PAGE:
Deep Vision, a new AI startup that is building an AI inferencing chip for edge computing solutions, is coming out of stealth today. The six-year-old company’s new ARA-1 processors promise to strike the right balance between low latency, energy efficiency and compute power for use in anything from sensors to cameras and full-fledged edge servers.
Because of its strength in real-time video analysis, the company is aiming its chip at solutions around smart retail, including cashier-less stores, smart cities and Industry 4.0/robotics. The company is also working with suppliers to the automotive industry, but less around autonomous driving than monitoring in-cabin activity to ensure that drivers are paying attention to the road and aren’t distracted or sleepy.
The company was founded by its CTO Rehan Hameed and its Chief Architect Wajahat Qadeer, who recruited Ravi Annavajjhala, who previously worked at Intel and SanDisk, as the company’s CEO. Hameed and Qadeer developed Deep Vision’s architecture as part of a Ph.D. thesis at Stanford.
“They came up with a very compelling architecture for AI that minimizes data movement within the chip,” Annavajjhala explained. “That gives you extraordinary efficiency — both in terms of performance per dollar and performance per watt — when looking at AI workloads.”
Long before the team had working hardware, though, the company focused on building its compiler to ensure that its solution could actually address its customers’ needs. Only then did they finalize the chip design.
As Hameed told me, Deep Vision’s focus was always on reducing latency. While its competitors often emphasize throughput, the team believes that for edge solutions, latency is the more important metric. While architectures that focus on throughput make sense in the data center, Deep Vision CTO Hameed argues that this doesn’t necessarily make them a good fit at the edge.
“[Throughput architectures] require a large number of streams being processed by the accelerator at the same time to fully utilize the hardware, whether it’s through batching or pipeline execution,” he explained. “That’s the only way for them to get their big throughput. The result, of course, is high latency for individual tasks and that makes them a poor fit in our opinion for an edge use case where real-time performance is key.”
To enable this performance — and Deep Vision claims that its processor offers far lower latency than Google’s Edge TPUs and Movidius’ MyriadX, for example — the team is using an architecture that reduces data movement on the chip to a minimum. In addition, its software optimizes the overall data flow inside the architecture based on the specific workload.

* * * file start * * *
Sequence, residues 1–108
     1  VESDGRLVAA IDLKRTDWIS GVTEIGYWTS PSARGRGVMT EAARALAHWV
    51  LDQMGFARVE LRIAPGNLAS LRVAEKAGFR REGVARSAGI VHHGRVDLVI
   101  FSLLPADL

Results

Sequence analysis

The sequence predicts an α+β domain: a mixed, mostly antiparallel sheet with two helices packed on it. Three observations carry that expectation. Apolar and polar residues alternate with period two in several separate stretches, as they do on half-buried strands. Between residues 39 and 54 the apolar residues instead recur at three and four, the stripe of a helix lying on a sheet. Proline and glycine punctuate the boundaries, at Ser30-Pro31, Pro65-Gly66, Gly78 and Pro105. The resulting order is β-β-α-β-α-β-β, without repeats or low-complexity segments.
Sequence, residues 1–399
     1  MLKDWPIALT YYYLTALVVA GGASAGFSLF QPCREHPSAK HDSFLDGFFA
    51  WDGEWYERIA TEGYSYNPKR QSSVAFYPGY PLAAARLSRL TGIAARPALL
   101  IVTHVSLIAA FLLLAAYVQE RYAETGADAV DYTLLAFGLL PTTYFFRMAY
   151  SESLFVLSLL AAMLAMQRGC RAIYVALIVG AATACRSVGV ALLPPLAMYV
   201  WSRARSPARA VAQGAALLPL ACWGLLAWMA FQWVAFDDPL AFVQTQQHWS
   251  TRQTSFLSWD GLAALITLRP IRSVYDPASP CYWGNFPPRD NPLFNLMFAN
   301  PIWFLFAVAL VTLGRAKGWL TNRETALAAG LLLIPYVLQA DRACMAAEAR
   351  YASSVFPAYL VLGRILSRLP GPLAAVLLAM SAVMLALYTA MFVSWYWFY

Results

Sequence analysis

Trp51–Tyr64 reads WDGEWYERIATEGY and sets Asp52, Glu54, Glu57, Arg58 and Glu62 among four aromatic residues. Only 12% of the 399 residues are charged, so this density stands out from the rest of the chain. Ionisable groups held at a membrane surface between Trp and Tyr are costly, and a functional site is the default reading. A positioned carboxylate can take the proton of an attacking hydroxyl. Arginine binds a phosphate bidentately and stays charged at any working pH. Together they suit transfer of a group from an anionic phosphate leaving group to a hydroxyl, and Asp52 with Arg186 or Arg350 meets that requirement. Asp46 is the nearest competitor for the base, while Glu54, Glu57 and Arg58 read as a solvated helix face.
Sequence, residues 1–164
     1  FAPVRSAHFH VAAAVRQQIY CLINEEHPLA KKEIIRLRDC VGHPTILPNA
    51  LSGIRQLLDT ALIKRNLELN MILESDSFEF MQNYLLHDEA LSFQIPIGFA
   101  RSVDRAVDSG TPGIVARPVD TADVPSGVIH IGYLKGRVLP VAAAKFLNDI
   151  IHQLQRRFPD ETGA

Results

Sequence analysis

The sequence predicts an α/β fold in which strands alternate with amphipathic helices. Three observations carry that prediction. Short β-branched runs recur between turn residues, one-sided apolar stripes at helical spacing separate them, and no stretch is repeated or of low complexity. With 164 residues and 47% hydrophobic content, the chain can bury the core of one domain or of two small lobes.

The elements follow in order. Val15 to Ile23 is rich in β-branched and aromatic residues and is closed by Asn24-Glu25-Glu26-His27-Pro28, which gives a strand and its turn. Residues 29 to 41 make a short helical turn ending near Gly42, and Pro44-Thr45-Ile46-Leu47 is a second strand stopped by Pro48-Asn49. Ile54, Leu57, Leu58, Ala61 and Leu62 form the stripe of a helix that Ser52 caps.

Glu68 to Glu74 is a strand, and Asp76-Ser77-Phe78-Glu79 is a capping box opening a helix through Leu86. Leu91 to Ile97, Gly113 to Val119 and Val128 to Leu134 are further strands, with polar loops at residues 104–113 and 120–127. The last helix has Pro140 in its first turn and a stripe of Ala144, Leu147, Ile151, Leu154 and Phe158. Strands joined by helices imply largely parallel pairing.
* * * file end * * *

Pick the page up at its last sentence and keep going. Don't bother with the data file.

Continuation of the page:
“In our design, instead of baking in a particular acceleration strategy into the hardware, we have instead built the right programmable primitives into our own processor, which allows the software to map any type of data flow or any execution flow that you might find in a neural network graph efficiently on top of the same set of basic primitives,” said Hameed.
With this, the compiler can then look at the model and figure out how to best map it on the hardware to optimize for data flow and minimize data movement. Thanks to this, the processor and compiler can also support virtually any neural network framework and optimize their models without the developers having to think about the specific hardware constraints that often make working with other chips hard.
“Every aspect of our hardware/software stack has been architected with the same two high-level goals in mind,” Hameed said. “One is to minimize the data movement to drive efficiency. And then also to keep every part of the design flexible in a way where the right execution plan can be used for every type of problem.”
Since its founding, the company raised about $19 million and has filed nine patents. The new chip has been sampling for a while and even though the company already has a couple of customers, it chose to remain under the radar until now. The company obviously hopes that its unique architecture can give it an edge in this market, which is getting increasingly competitive. Besides the likes of Intel’s Movidius chips (and custom chips from Google and AWS for their own clouds), there are also plenty of startups in this space, including the likes of Hailo, which raised a $60 million Series B round earlier this year and recently launched its new chips, too.